The newscasts are currently anchored by Carmine Gemei at 5:00 p.m., 6:00 p.m. and 11:00 p.m. The chief meteorologist is former KDRV meteorologist Milt Radford. Tyler Myerly anchor the 5 a.m. newscast News 10 Good Morning with the weather by meteorologist Ali Van Fleet. Myerly anchors the region's only noon newscast.
KTVL does not currently have a full-time local sportscast as it was dropped in 2009 by management. However, in 2012, hints of a possible return took place as the news team began covering local high school basketball highlights called Friday Night Fastbreaks (KDRV is the only station in the market to continue airing a local sportscast and KOBI does not have a sports department.)
The station's digital signal is multiplexed:
|10.1||1080i||16:9||NEWS10||Main KTVL programming / CBS|
|10.2||720p||CW11||Southern Oregon's CW 11|
KTVL shut down its analog signal, over VHF channel 10, on June 12, 2009, the official date in which full-power television stations in the United States transitioned from analog to digital broadcasts under federal mandate. The station's digital signal relocated from its pre-transition UHF channel 35 to VHF channel 10 for post-transition operations.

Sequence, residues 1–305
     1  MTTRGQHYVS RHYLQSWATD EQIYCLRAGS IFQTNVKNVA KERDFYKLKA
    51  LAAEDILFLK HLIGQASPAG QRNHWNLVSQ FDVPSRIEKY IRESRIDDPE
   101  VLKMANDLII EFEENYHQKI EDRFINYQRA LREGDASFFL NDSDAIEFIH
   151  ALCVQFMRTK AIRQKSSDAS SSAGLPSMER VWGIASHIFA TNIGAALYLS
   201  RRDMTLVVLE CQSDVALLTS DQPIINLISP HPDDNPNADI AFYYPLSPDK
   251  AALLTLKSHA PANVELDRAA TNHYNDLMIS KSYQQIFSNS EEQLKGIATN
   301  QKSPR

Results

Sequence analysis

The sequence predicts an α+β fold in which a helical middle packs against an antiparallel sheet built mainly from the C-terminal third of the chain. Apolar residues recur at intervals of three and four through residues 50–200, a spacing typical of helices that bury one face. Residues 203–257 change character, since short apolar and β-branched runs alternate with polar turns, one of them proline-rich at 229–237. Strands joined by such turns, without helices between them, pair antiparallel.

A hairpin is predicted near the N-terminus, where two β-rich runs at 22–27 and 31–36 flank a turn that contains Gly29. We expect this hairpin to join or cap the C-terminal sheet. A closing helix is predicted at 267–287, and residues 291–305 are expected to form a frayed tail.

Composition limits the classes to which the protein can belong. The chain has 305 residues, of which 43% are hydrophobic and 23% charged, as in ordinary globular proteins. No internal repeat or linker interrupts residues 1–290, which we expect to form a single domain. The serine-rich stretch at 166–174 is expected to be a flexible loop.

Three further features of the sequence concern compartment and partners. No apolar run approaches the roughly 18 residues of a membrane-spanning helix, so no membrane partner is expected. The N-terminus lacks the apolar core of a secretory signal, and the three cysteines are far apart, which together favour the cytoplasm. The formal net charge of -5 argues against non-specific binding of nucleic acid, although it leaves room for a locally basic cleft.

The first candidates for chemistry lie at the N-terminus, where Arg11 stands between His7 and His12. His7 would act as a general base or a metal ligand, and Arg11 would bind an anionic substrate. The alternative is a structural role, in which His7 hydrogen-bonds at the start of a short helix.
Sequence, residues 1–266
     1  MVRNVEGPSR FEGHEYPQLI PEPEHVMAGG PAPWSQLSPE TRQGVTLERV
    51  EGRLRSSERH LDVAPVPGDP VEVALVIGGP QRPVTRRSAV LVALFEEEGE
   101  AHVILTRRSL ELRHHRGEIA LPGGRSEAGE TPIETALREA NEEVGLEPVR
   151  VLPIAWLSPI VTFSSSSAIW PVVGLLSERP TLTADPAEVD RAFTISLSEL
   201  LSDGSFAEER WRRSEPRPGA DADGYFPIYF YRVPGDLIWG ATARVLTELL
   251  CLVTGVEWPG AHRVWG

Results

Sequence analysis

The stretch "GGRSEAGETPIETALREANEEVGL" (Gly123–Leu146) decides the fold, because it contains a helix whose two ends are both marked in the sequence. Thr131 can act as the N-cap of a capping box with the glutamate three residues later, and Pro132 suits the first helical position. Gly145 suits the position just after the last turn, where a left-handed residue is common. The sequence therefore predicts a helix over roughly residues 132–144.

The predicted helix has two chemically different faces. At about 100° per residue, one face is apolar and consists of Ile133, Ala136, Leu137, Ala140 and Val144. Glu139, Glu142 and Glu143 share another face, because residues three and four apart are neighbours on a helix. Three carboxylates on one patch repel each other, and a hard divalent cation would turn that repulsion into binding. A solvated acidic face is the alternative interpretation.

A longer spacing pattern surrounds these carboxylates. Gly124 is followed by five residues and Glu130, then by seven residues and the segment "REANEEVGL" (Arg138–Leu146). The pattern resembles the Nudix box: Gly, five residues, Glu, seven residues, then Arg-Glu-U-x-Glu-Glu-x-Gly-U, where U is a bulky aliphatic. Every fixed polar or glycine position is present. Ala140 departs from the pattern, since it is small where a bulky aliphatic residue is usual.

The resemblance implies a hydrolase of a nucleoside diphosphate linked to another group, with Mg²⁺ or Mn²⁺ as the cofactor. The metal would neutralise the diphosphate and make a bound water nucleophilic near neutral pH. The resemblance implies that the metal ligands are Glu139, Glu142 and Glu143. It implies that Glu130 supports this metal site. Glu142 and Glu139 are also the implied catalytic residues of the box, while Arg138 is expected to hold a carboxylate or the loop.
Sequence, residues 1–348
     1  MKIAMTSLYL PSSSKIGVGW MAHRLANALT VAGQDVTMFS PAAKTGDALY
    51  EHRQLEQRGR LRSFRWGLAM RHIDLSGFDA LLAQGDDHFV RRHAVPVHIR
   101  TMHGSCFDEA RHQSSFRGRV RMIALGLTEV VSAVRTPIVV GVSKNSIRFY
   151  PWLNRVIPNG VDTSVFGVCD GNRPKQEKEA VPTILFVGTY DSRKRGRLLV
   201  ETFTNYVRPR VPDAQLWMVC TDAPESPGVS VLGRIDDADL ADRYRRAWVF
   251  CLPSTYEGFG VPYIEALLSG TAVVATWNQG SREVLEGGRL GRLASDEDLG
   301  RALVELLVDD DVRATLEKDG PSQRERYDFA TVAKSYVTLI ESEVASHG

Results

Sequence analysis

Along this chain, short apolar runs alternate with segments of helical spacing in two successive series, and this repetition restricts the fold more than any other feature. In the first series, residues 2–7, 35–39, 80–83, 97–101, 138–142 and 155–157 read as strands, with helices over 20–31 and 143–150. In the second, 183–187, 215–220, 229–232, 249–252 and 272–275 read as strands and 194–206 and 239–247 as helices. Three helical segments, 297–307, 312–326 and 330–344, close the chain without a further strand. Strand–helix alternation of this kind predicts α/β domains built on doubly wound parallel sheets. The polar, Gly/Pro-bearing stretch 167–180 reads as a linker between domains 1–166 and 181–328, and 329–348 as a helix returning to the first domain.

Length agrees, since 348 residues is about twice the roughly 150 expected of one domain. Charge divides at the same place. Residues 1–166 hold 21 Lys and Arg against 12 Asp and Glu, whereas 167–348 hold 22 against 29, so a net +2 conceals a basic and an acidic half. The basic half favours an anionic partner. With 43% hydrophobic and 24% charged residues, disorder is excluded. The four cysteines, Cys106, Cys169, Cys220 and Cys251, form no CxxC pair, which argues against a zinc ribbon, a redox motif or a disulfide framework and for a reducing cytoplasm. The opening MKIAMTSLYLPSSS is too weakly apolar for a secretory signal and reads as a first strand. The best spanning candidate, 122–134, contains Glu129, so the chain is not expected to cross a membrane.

|City of license||Callsign||Channel||ERP||HAAT||Facility ID||Transmitter coordinates||Owner|
|Applegate Valley||K15JZ-D||15||0.004 kW||52 m (171 ft)||22588||Sinclair Broadcast Group|
|Butte Falls||K14QH-D||14||0.009 kW||145 m (476 ft)||22577|
|Cave Junction, etc.||K21JI-D||21||0.25 kW||540 m (1,772 ft)||168438|
|Glendale, etc.||K18LU-D||18||0.4 kW||575 m (1,886 ft)||168440|
|Gold Hill||K04JZ-D||4||0.012 kW||135 m (443 ft)||22558|
|Hugo||K25JW-D||25||0.68 kW||446 m (1,463 ft)||168439|
|Jacksonville||K15KL-D||15||0.135 kW||−127 m (−417 ft)||168424|
|Klamath Falls, etc.||K15KE-D||0.032 kW||54 m (177 ft)||22566|
|Lakeview||K15HU-D||0.075 kW||620 m (2,034 ft)||168435|
|Midland, etc.||K19HH-D||19||3 kW||672 m (2,205 ft)||168444|
|K29LL-D||29||1 kW||437 m (1,434 ft)||168437|
|Prospect||K07GI-D||7||0.009 kW||404 m (1,325 ft)||53669||Prospect Lions Club, Inc.|
|Rogue River||K28NO-D||28||0.019 kW||72 m (236 ft)||22583||Sinclair Broadcast Group|
|Williams||K14TH-D||14||0.025 kW||143 m (469 ft)||22562|
|Dunsmuir, etc., CA||K18LJ-D||18||0.04 kW||225 m (738 ft)||22571|
|Fort Jones, etc., CA||K06KA-D||6||0.021 kW||−105 m (−344 ft)||22556|
|K22OQ-D||22||0.018 kW||381 m (1,250 ft)||8242|
|Yreka, CA||K30JS-D||30||3 kW||731 m (2,398 ft)||168441|